To address the project aim, we will conduct ecological assessments of structurally complex riparian zones along with soundscape recordings and participant surveys following a repeated measures design.
The Water of Leith is proposed as a case study bluespace to answer the research questions. It is a river that flows through Edinburgh, UK, cutting through a range of residential environments and consists of different riparian characteristics. Its structural complexity varies in terms of its vegetation, wildlife, water flow and riverbed materials, which all affect the acoustic environment. An initial rapid ecological assessment of sites along the Water of Leith will be conducted to determine potential suitable sites for investigation, using existing tools. A smaller number will then be assessed in detail to determine the four to six sites suitable for representing riparian structural complexity, ranging from complex, moderate, and sparse. At least one site for each complexity level will be chosen with two sites chosen for some or all levels to determine the value in different types of riparian structural complexity within a complexity level (RQ1). This helps determine the importance of the presence or absence of particular species. Site choice will also depend on attempting to control other variables that may influence the perceived acoustic environment. These will include, but are not limited to, the presence of anthroprogenic sounds (e.g. cars, construction), presence of people, visibility of the water, and visibility of urban environments.
In depth ecological assessments of the site to determine habitat structural complexity will involve recording height and diversity of different vegetation components, deciduous and coniferous trees (height of a representative subset of trees will be measured using a clinometer), shrubs, and herbaceous species. While conducting vegetation surveys, bird species seen and/or heard, along with other audible wildlife, will be noted. Assessments will be made at two different times of the day and in all four seasons to check the temporality of the habitat structural complexity.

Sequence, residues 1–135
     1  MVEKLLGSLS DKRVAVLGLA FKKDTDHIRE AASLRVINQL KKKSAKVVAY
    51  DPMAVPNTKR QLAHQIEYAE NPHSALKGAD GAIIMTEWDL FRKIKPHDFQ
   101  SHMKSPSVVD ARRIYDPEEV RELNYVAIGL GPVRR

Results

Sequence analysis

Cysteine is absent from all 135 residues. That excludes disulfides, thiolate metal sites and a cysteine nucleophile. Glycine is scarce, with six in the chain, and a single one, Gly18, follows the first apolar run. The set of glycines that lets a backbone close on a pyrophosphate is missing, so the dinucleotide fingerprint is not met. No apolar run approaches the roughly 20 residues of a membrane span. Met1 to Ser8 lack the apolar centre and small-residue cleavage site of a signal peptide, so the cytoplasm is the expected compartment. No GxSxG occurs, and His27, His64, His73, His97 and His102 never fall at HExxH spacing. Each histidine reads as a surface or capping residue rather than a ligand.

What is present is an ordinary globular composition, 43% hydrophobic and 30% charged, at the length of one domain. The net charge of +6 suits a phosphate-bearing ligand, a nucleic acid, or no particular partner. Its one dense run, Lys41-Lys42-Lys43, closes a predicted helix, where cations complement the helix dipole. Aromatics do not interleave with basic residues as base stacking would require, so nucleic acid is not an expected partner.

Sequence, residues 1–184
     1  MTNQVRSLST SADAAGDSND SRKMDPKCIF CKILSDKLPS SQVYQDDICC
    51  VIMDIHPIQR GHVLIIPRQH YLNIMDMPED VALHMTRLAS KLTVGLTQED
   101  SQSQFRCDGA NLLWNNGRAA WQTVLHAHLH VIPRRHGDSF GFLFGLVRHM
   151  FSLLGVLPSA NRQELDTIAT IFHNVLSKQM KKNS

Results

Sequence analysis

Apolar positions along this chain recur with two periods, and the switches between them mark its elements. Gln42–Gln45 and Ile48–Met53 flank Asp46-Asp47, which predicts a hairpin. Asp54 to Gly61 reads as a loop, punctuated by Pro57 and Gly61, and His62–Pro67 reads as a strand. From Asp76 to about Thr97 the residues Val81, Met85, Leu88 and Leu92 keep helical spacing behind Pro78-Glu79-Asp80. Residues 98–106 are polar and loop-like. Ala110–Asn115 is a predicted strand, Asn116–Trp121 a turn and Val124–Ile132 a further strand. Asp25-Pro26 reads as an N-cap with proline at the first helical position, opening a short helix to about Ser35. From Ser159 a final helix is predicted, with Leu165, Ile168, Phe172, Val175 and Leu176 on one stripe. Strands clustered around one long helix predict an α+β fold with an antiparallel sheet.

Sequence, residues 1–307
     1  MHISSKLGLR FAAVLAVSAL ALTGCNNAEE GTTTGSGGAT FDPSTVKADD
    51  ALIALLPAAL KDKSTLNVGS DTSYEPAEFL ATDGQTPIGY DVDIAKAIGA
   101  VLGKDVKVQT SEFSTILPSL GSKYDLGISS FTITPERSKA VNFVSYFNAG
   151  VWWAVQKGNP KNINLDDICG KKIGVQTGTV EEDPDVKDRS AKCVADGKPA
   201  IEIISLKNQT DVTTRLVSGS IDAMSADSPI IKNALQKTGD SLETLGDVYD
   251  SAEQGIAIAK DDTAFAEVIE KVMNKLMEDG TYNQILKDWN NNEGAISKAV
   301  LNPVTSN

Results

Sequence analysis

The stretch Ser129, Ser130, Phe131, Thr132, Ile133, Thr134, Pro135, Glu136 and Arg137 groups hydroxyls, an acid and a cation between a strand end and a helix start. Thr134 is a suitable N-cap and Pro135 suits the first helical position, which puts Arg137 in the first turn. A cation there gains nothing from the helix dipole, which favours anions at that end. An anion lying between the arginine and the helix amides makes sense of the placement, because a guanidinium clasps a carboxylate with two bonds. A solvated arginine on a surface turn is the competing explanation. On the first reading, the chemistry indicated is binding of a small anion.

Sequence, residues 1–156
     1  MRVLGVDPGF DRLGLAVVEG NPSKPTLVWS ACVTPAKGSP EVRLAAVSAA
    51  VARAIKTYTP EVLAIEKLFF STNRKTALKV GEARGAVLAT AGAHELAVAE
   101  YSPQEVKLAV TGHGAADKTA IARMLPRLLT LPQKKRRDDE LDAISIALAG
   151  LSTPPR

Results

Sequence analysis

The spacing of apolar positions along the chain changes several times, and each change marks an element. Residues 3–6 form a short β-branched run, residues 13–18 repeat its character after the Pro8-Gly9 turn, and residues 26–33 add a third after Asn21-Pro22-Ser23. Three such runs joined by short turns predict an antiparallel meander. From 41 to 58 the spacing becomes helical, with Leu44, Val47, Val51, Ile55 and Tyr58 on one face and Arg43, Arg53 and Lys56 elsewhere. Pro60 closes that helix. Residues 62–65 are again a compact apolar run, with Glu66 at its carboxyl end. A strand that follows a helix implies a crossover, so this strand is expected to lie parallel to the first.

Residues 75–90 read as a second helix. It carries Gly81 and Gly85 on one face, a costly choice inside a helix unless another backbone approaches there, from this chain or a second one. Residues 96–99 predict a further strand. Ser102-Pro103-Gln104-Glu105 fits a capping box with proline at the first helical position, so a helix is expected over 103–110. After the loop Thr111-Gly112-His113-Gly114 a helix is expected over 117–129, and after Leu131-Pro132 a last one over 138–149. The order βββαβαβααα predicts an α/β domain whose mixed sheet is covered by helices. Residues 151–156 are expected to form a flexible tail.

Preliminary recordings of the acoustic environment using an audio recorder with an x/y microphone (for stereo sound) and a sound pressure level meter will be made to assist with site choice. To determine the acoustic environment in relation to the perceived acoustic environment (the soundscape), further recordings will be made at the time each participant is present. Standard acoustic and psychoacoustic metrics will be calculated from the recordings, along with sound source identification.
Soundscapes and wellbeing outcomes will be assessed using a questionnaire with open and closed questions. Data collection protocols for soundscapes will be followed (ISO12913-2). Wellbeing outcomes will involve assessing psychological restoration (after a pre-intervention stressor is given, such as a cognitive attention task), and affect (emotion). Measures will be taken pre and post intervention (exposure to the chosen sites). Participants will visit one site, complete a stressor task and answer pre-intervention questions, before sitting in the site for 5 minutes by themselves. Post-intervention questions including the wellbeing outcomes will then follow, while still stationary at the site. Participants will repeat this procedure in all study sites at the same time of day, with the order of site visits systematically varying across participants to control for order effects. This procedure will then be repeated at a different time of day and across all four seasons (RQ2 and RQ3).
There is further potential to simulate the sites using the audio recordings and ecological information to enable participant focused laboratory experiments whereby visual and acoustic characteristics from the riparian sites can be manipulated to check the role of a variable in the wellbeing outcomes.